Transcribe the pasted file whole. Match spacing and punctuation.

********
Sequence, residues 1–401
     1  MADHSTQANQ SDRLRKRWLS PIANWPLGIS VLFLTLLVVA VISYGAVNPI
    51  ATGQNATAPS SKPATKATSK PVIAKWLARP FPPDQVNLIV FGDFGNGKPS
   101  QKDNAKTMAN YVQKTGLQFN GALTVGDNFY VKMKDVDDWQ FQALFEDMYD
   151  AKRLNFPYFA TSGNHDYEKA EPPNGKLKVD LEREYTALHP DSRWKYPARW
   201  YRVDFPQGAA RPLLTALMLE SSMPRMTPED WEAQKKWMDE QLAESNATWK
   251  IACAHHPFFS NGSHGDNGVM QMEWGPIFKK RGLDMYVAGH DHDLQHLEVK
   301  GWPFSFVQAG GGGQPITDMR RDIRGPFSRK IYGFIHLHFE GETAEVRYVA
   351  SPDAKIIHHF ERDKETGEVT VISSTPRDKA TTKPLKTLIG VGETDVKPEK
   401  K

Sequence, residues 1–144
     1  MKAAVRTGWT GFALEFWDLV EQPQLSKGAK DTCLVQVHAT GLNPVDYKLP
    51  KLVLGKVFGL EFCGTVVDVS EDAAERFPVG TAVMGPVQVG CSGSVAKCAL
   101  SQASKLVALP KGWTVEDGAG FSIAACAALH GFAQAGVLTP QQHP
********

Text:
Sequence, residues 1–401
     1  MADHSTQANQ SDRLRKRWLS PIANWPLGIS VLFLTLLVVA VISYGAVNPI
    51  ATGQNATAPS SKPATKATSK PVIAKWLARP FPPDQVNLIV FGDFGNGKPS
   101  QKDNAKTMAN YVQKTGLQFN GALTVGDNFY VKMKDVDDWQ FQALFEDMYD
   151  AKRLNFPYFA TSGNHDYEKA EPPNGKLKVD LEREYTALHP DSRWKYPARW
   201  YRVDFPQGAA RPLLTALMLE SSMPRMTPED WEAQKKWMDE QLAESNATWK
   251  IACAHHPFFS NGSHGDNGVM QMEWGPIFKK RGLDMYVAGH DHDLQHLEVK
   301  GWPFSFVQAG GGGQPITDMR RDIRGPFSRK IYGFIHLHFE GETAEVRYVA
   351  SPDAKIIHHF ERDKETGEVT VISSTPRDKA TTKPLKTLIG VGETDVKPEK
   401  K

Sequence, residues 1–144
     1  MKAAVRTGWT GFALEFWDLV EQPQLSKGAK DTCLVQVHAT GLNPVDYKLP
    51  KLVLGKVFGL EFCGTVVDVS EDAAERFPVG TAVMGPVQVG CSGSVAKCAL
   101  SQASKLVALP KGWTVEDGAG FSIAACAALH GFAQAGVLTP QQHP